A Pharisee by the name of Nicodemus, a Jewish leader, comes to Jesus at night. This observation is nuanced intentionally to stir curiosity. First, the Pharisees were a lay party of Jewish leaders many of whom were aligned against Jesus. Second, Nicodemus’ identification as a “Jewish leader” is not a redundant observation given that he was already identified as a Pharisee. No, Nicodemus is a Pharisee of considerable standing among the Jewish people, an “E. F. Hutton” of his generation. His words, his behavior, and his actions were closely observed. Nicodemus’ identity is wrapped up in his position. Finally, that he approached Jesus “at night” demonstrates caution – Nicodemus fears that he will be seen.

Nicodemus is here seeking God, giving himself the opportunity to hear the voice of God. Many of his Pharisee colleagues were confident that they occupied the corner of all truth, all wisdom. They had God all figured out. Pharisees were driven by one impulse, to demonstrate and teach the truth about God to everyone else. They had nothing more to learn. Such a position results in the easy judgment of any position that lay outside their understanding. Personal inquiry to a deeper knowledge of God is suffocated by self-assurance. Yet, Nicodemus’ heart has been taken possession by a haunting sense that there is more to know of God, a yearning for a richer experience of God. Nicodemus came to Jesus – though “at night.”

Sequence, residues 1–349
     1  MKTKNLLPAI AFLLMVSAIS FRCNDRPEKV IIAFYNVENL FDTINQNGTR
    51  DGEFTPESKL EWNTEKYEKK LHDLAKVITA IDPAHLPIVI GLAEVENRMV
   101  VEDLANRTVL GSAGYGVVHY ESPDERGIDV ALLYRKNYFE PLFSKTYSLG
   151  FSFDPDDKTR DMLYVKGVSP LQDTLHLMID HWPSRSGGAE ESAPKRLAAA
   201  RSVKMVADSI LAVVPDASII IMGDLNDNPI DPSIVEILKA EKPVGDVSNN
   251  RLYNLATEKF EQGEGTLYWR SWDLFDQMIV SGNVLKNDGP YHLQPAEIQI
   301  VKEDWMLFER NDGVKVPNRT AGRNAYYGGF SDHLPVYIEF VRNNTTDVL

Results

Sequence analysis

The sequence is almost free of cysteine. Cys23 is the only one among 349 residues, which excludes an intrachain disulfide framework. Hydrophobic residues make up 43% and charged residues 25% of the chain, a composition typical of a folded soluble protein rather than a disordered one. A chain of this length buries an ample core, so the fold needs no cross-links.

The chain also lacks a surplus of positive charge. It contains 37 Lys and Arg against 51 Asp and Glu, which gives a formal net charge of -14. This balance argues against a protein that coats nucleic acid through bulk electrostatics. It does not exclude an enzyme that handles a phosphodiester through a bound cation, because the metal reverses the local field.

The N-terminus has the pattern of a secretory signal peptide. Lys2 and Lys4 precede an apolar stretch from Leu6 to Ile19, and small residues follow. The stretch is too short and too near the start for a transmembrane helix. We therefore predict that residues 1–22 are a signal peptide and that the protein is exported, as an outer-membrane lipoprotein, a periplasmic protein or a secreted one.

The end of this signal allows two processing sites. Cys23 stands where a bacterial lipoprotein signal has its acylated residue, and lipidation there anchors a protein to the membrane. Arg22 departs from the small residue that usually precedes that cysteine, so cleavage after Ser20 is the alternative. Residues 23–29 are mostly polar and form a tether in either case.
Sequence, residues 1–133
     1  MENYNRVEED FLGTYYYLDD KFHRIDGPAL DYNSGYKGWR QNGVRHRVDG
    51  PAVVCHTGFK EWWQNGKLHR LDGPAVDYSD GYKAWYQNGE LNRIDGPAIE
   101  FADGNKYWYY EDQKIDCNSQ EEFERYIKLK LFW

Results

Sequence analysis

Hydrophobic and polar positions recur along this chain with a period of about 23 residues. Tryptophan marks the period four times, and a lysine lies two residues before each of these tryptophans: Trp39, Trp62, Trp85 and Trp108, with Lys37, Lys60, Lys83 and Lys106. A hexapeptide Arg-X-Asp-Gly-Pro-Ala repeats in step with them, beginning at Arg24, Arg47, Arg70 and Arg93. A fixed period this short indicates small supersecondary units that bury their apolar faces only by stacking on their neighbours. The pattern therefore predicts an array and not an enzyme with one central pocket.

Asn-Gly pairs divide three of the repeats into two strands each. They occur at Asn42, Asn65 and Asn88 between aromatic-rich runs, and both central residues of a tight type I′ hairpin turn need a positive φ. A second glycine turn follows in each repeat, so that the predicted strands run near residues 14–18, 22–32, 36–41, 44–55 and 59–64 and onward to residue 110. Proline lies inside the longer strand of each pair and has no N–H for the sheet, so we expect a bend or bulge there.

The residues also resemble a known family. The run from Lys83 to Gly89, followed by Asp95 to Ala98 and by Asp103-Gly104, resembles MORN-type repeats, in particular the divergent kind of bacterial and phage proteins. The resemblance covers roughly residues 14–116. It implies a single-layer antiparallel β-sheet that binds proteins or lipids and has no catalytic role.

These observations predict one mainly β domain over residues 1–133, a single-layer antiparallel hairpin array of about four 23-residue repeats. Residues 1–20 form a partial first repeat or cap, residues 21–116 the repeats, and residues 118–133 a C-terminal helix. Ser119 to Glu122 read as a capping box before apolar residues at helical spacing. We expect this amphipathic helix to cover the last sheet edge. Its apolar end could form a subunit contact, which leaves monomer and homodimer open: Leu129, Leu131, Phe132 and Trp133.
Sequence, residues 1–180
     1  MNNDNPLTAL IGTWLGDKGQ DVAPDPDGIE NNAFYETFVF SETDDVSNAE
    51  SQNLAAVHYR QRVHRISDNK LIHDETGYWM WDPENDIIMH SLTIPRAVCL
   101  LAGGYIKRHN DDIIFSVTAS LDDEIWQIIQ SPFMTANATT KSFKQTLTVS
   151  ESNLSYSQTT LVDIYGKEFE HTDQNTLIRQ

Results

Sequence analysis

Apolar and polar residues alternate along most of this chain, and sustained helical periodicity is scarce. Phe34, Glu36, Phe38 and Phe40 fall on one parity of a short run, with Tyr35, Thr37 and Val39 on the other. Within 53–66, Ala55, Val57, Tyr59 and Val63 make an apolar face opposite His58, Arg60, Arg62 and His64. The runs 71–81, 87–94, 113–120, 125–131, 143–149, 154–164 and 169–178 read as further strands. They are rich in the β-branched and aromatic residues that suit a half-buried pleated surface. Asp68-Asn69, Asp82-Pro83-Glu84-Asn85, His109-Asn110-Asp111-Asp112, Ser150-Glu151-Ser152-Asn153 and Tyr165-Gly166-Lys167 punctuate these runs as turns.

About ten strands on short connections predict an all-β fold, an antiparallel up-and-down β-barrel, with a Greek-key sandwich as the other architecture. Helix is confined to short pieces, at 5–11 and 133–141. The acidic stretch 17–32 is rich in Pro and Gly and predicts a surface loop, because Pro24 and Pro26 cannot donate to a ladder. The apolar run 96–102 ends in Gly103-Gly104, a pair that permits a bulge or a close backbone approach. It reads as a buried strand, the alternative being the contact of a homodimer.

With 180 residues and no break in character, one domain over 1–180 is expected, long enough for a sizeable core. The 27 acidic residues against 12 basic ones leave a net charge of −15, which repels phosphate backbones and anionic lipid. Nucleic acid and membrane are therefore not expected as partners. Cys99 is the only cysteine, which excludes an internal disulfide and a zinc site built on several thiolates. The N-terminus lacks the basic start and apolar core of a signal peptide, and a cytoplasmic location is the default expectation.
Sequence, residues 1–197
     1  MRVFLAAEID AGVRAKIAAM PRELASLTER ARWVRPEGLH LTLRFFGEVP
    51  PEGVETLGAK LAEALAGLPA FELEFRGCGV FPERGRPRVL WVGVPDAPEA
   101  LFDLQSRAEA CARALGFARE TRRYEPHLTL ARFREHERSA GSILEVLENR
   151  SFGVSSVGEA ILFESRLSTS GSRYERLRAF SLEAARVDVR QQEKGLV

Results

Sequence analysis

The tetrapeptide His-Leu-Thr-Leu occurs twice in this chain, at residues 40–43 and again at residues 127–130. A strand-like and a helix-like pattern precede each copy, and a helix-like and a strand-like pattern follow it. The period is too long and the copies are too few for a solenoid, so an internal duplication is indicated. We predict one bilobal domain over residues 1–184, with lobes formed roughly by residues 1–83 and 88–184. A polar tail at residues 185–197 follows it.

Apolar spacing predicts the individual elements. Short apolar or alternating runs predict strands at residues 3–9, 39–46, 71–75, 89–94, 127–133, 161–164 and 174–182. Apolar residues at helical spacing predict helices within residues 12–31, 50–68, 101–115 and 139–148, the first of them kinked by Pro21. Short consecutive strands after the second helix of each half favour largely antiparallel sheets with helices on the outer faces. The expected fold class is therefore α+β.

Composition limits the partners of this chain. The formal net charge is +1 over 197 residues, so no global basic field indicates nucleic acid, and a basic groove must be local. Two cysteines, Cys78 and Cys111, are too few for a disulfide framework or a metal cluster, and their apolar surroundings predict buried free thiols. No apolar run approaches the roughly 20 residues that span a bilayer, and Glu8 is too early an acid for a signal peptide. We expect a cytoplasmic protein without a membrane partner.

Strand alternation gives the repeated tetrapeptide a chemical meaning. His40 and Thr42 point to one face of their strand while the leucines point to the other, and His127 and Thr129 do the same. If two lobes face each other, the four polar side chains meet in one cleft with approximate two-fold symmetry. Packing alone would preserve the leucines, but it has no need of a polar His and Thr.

It matters little whether we seek God as my grandfather did, by asking a loved one for the pastor or, as Nicodemus did, quietly and out of notice of watchful eyes. In the last analysis, what matters is that we pay attention to the timeless urge that tugs at the human heart – the longing to know God. We think we need many things. We work hard and strive to check off one more item on that list. But, in moments of stillness, silence, and honesty, we are aware that the heart seeks one thing – a deep and increasing desire to know God. Many have pursued costly pleasures, but few have arrived at contentment. The radiant life begins when the one thing neglected is neglected no longer – the hunger for God.



Tears in a Bottle

“You yourself have kept track of my misery. Put my tears into your bottle – aren’t they on your scroll already?” 

Psalm 56:8 (Common English Bible)